I have wanted to visit Lalibela for years. It was one of those mystical destinations that plagued me. Making it to the small, northern Ethiopian town filled with underground carved churches felt like such a gift from life. Sometimes we get what we ask for...in a totally different way than we could have expected.
My friends and I, the other female fellow in Rwanda, the fellow in Uganda, and a fellow from Ethiopia flew on a little propeller plane from Addis to Lalibela a few short days after arriving in Ethiopia. We decided on Lalibela as our destination because of the trekking possibilities (in another post) and the draw of the World Heritage site that houses 13 underground churches known as the "Jerusalem of Africa." Lalibela is Ethiopia's second "holy city," behind Axum, where the 10 Commandments and Ark of the Covenant are thought to be housed. Ethiopia is predominantly Ethiopian Orthodox Christian and the religious history is fascinating and ancient. We had to see these living churches for ourselves.
We stayed in a hotel that conveniently had no electricity or water (dang, Africa!) but we made do by sitting by the pool and complaining a lot. Luckily, by the final night all was well and we got warm showers in our hotel rooms. Traveling in Africa has taught me so much about what I have taken for granted all my life. I am so glad to learn these lessons young so that I can have a more thoughtful life than I would have without Africa.
Anyways, the morning after we arrived we set out with a guide for a half-day tour. A half day was all we really needed, a full day would have been total over-kill. We donned our head wraps in respect (though we were told white people aren't expected to wear them) and wandered around the churches, all 13 within walking distance, and ooo'ed and ahhh'ed at the grandeur. They were as beautiful and big and inspiring as I expected all these years.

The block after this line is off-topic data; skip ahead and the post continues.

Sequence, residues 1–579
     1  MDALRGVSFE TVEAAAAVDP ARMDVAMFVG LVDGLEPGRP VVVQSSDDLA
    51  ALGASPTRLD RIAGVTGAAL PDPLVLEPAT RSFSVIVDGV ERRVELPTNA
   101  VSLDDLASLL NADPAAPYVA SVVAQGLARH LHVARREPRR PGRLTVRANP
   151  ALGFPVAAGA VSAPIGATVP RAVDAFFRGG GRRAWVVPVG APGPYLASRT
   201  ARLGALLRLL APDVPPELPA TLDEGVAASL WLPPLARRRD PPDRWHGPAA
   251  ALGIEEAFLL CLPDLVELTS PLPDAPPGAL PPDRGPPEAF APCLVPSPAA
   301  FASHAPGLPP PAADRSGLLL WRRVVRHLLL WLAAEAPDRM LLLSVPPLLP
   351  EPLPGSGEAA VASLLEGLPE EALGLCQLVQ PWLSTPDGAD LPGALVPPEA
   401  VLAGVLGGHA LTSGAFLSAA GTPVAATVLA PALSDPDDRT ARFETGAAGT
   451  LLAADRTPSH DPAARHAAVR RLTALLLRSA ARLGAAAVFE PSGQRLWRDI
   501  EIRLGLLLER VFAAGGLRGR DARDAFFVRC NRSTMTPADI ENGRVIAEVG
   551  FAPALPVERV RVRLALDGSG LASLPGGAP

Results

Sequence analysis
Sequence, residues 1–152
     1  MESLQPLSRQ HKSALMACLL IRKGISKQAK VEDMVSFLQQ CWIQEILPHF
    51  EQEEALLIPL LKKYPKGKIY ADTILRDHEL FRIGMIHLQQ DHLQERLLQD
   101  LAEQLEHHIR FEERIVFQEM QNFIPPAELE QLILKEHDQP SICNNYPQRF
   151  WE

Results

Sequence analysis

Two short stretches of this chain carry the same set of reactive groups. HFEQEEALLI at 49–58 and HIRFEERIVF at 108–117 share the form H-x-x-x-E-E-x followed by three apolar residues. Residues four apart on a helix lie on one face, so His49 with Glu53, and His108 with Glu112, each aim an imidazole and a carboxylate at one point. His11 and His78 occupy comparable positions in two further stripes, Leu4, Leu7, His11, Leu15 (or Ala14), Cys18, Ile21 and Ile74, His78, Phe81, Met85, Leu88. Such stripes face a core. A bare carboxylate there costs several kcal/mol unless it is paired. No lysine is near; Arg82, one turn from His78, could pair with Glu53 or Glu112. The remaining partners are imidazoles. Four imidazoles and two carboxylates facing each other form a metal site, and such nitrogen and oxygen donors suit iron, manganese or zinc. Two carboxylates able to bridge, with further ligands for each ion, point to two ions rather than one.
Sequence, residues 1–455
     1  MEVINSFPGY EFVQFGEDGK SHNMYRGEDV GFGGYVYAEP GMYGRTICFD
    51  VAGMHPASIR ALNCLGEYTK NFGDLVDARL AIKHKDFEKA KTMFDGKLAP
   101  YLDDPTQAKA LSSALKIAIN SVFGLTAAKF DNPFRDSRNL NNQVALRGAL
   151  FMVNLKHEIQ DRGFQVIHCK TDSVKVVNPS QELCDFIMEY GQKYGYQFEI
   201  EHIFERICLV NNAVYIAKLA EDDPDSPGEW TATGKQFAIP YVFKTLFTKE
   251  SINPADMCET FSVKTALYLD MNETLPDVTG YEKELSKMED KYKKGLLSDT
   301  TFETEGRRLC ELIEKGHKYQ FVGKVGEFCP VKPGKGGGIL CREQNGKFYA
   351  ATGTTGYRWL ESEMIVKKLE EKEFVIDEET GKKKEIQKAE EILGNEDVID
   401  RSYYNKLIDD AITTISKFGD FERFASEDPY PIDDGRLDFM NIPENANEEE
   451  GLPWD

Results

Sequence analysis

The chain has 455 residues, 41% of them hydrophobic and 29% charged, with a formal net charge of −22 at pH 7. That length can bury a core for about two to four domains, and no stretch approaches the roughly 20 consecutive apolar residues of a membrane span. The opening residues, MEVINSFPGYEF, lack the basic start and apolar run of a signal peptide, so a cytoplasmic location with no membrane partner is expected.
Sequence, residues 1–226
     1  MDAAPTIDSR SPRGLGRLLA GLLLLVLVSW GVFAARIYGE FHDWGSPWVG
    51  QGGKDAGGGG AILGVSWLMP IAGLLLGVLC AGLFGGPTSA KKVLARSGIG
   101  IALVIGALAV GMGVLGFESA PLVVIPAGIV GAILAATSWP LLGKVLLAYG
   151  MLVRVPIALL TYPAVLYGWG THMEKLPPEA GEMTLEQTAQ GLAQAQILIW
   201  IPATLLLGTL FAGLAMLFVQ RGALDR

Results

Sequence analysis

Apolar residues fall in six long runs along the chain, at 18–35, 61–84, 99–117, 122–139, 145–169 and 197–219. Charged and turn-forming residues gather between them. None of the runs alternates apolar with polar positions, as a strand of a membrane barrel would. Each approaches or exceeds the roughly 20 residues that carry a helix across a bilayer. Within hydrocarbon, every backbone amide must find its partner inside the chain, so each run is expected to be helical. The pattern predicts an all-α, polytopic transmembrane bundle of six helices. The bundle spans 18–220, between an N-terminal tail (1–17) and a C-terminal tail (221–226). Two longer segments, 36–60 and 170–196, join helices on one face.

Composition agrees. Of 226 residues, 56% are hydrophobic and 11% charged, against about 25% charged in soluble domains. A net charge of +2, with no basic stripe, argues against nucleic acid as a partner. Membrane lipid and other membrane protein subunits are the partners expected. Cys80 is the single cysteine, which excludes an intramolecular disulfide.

The churches are thought to have been built in the 12th and 13th centuries when Lalibela was the capitol of Ethiopia.
What was most impactful for me was that these churches are still in use. The town relies on these churches as their home base. They are also seen as pilgrimage sites for the faithful. Each church that we went into had believers on their knees, being blessed by priests, and elderly reading from stained books that seemed to be falling apart in their use and age. We were visiting as tourists, and we paid a hefty fee to get in as sightseers, but besides the obvious use of the churches as money-generating tourism, there was a sense of honor and respect. Of diety.
The faithful were there among us.
It is an honor to sit beside believers and observe their traditions and ferver. I have felt this way at holy sites in many of my travels, in Myanmar and Thailand and India and China...sometimes the holy mixes with practical tourism and someone like me finds themselves sitting next to an Ethiopian man knee deep in prayer. It's humbling to witness fervent faith that has somehow lived through generations of change (and mayhem) in Ethiopia.
Some photos of the churches and surrounding areas....
After 2 days in Lalibela, we set out for our next adventure....trekking....
walk slow. xoxo.